## Denlow Public School

I visited Denlow Public School and did two workshops for the Grade 4 and 5 students. The Grade 4s played with probability, learned to play Pig. This simple dice game has been subject to a lot of deep analysis. Some folks at Gettysburg College have given an optimal solution to the game.

The Grade 5 students learned about Cat’s Cradle. They were very excited, and wanted to learn more. Many students already knew a figure or two. We covered Half Second Star, Cup and Saucer, and Jacob’s Ladder. I’m told that they’re still playing with the string that I gave them.

## Dwarves with hats

This afternoon Mike Pawliuk told me the following problem:

A thousand dwarves are wearing standing around wearing red or blue hats. No one can see their own hat and no one can communicate with anyone. Can the dwarves devise a strategy to form a line so that all the red hatted dwarves are on one end, and all the blue hatted dwarves are on the other?

While thinking over the solution, it occurred to me that one can obfuscate the problem as follows:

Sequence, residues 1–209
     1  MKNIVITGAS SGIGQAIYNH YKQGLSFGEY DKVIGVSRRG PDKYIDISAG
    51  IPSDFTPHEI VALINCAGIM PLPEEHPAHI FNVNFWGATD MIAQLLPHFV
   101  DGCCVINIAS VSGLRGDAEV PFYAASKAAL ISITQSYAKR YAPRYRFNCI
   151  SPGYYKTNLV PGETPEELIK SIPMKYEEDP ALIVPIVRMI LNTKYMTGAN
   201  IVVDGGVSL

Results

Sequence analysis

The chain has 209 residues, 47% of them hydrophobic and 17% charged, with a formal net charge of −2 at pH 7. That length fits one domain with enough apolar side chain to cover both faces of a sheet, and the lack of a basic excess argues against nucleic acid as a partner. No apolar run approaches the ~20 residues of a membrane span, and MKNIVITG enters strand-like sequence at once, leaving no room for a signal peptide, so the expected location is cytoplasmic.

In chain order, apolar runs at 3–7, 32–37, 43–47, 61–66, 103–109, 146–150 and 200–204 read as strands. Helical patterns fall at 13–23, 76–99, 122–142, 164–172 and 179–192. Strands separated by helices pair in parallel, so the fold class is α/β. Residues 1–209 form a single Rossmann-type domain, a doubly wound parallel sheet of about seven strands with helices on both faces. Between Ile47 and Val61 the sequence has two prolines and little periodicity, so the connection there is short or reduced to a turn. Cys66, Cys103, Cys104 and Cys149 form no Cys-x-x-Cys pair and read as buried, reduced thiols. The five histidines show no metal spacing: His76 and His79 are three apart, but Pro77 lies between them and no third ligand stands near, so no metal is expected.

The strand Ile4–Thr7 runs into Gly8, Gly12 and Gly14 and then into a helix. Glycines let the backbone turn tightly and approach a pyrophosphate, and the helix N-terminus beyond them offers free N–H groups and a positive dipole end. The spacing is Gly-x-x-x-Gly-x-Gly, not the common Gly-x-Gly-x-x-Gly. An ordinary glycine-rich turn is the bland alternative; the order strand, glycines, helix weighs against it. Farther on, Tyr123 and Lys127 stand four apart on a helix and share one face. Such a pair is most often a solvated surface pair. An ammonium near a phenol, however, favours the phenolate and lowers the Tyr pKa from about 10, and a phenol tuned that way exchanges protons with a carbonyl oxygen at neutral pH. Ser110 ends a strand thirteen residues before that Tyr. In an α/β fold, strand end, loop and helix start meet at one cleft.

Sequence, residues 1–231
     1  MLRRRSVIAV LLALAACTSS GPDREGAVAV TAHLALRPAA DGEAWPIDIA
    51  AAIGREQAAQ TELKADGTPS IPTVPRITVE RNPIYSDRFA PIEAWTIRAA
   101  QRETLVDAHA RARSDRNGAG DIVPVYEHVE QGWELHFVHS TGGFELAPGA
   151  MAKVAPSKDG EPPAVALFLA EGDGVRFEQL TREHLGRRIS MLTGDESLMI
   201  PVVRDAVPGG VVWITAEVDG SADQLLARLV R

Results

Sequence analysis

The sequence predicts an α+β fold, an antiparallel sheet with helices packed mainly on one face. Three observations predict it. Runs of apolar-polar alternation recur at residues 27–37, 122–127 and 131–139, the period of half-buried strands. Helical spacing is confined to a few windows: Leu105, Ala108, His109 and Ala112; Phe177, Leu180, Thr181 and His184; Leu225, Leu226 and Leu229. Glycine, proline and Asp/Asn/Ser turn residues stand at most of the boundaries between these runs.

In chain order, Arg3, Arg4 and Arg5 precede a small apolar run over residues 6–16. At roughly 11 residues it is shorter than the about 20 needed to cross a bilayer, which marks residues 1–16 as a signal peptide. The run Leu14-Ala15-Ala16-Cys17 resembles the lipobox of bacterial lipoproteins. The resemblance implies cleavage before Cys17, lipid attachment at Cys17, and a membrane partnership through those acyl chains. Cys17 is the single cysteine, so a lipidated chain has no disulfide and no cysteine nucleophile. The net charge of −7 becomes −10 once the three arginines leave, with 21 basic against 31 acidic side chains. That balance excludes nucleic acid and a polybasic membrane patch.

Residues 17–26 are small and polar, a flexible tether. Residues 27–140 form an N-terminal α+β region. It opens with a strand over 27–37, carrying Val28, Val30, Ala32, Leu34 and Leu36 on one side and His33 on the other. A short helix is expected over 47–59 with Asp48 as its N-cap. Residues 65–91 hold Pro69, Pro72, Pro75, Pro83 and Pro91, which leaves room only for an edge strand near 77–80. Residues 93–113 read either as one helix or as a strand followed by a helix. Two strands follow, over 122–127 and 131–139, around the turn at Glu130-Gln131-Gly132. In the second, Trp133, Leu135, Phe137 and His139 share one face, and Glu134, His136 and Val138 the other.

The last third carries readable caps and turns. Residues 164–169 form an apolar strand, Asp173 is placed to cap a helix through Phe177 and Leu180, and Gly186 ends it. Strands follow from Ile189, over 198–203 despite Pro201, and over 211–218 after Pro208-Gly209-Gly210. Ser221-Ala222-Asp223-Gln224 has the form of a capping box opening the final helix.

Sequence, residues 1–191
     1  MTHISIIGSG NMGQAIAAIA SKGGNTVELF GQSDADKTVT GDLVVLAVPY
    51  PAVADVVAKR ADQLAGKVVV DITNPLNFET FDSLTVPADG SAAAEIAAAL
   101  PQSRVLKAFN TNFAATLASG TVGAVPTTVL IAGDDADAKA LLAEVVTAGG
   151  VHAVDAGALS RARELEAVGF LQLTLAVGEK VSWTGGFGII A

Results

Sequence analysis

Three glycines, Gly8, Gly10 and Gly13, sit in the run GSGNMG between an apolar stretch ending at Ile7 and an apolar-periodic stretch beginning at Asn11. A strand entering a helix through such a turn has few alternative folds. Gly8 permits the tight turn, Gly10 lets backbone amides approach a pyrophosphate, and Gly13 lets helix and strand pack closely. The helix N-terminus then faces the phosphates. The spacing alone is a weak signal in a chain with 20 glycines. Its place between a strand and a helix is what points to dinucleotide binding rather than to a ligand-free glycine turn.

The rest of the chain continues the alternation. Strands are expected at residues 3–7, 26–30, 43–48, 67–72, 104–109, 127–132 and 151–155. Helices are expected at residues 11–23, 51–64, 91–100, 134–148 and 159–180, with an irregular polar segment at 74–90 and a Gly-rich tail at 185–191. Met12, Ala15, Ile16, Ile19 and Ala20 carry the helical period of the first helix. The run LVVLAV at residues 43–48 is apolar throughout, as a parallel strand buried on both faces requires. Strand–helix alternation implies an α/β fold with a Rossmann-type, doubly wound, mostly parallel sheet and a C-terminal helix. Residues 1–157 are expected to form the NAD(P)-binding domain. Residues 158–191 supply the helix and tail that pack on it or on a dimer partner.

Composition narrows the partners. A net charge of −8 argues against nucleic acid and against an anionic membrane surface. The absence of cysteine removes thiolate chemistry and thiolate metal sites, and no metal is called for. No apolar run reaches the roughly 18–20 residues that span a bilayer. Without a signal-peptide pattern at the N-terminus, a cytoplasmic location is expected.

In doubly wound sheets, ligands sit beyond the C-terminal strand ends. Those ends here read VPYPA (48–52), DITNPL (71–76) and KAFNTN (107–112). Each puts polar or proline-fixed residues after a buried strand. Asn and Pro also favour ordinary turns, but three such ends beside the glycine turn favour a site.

Consider a group of n dwarves as above. Can the dwarves devise a strategy such that all but a uniformly bounded number of dwarves know the colour of their own hat correctly with absolute certainty?

I can’t see a route to the solution of the second problem that doesn’t go through Mike’s puzzle. This is a terrible case of solution induced blindness. Perhaps someone can point out a more direct solution.

**Edit**: After some reflection, Mike and I have concluded that this problem is too easy without placing restriction on how the dwarves can move around, since a lot can be encoded by in their movement patterns. It’s very easy to get absolute certainty for all but one dwarf as posed.

For the record, here is another dwarf problem that Michelle BouĂ© told me about when I was an undergrad:

Suppose that three dwarves with red or blue hats are sitting in a circle. They decide on a strategy to guess the colour of their own hat without communicating. They all guess simultaneously. Can they do better than guessing uniformly at random?

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